When did the torchlight ceremony begin?
The Torchlight tradition was started by Frank M. Williams, Class of 1895 and president of the Alumni Corporation, and Bernard P. Taylor, Class of 1924 and secretary of the college on June 6, 1930. It was inspired by similar traditions at several northeastern colleges and has been a part of nearly every Colgate commencement to the present day.
What is most valued about torchlight?
The Colgate community values many things about torchlight. This is the moment when graduating seniors leave Colgate, carrying the light of knowledge out into the world. Second, torchlight is one of the few times that the entire class gathers together, meant to be a moment for unity; traveling down the hill is a shared experience. It is a celebration of everything a student has accomplished — a social, reflective, and culminating experience. Lastly, the symbolic element of fire as enlightenment is the essence of torchlight; the Colgate seal includes the torch of knowledge. The shared experience of torchlight also connects graduating students with alumni, and symbolizes their entry into the alumni community.
How has the ceremony changed over the years?
Although Colgate students and alumni often view torchlight as a timeless ceremony, the tradition has evolved considerably. For example, in 1974 the procession proceeded around Taylor Lake and was a more silent and solemn affair. Additionally, in each of the past several years, a variety of modifications have included a shortened route, safer torches, and increased security. It is a dynamic ceremony that has been continually refined to make it safer and memorable for graduates and their families.
Why have there been more conversations about Torchlight recently, and what has transpired?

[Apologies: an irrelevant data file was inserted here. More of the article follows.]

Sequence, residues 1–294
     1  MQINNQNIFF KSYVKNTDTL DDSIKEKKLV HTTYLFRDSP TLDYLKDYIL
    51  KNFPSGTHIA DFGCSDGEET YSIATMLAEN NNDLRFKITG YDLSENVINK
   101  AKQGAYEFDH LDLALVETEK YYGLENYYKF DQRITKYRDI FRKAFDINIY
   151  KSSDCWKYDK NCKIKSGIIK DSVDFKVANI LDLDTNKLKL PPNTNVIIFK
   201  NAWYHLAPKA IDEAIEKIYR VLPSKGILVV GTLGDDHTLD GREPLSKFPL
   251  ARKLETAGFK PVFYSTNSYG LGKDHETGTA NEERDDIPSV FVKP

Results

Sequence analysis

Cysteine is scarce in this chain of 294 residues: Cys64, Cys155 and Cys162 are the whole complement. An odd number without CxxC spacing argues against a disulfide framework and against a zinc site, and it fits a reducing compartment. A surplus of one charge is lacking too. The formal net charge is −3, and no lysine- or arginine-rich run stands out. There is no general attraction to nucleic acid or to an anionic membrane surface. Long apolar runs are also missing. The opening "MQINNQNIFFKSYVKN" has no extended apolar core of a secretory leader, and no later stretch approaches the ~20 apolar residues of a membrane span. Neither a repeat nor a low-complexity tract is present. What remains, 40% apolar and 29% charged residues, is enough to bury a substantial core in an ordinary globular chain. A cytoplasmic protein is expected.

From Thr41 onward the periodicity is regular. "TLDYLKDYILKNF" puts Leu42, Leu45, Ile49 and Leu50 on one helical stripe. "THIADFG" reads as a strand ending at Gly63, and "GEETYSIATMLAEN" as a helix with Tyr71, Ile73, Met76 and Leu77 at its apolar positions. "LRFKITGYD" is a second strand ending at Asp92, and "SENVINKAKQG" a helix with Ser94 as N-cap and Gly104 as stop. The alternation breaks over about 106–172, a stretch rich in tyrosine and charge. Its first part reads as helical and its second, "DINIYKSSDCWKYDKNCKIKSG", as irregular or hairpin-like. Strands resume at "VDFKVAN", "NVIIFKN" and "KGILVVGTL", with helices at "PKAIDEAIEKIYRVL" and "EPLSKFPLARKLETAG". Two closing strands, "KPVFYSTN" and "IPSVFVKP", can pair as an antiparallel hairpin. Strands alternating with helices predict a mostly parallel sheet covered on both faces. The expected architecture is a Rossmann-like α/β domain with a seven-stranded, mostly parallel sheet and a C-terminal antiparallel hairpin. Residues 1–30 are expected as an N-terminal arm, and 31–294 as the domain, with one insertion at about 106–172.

Last year, the president’s staff was asked by a group of faculty and staff to find ways to modify the Torchlight ceremony given concerns related to physical safety and negative sentiments that the event can evoke for some students and families. A small ad hoc committee of students, faculty, staff, and alumni developed and shared recommendations to improve the ceremony. This past fall, the Konosioni senior honor society held an open meeting to discuss the tradition and its symbolism. All these conversations have led to thoughtful considerations about the meaning of the tradition and its place in Colgate’s past and present.
What are the specific concerns?
Although there is much that members of the community value about Torchlight, several concerns have been raised. First are matters of physical safety. There are obvious dangers in carrying fire: hair and clothes are flammable, and when groups stop to pose for photographs it can create dangerous bottlenecks. Finally, while academic gowns represent the ancient pursuit of knowledge and scholarship for some, for others, the sight of people wearing robes and carrying torches holds negative historical connotations; some students and families have therefore chosen not to participate in the ceremony.
What impact does this decision have on the torchlight tradition beyond May 2016?
None. The extended examination of this tradition and its meanings has been important for the community. People with differing, strongly held views have been in conversation with each other; difficult discussions are one of the hallmarks of a liberal arts community. This process has revealed that there are no simple answers that can address all concerns. We are trying a new approach to torchlight this year with the hope that this form of the ceremony can preserve what is valuable and offer a more inclusive experience to participants. What we do moving forward will largely depend on how torchlight functions next year and how next year’s Colgate seniors feel.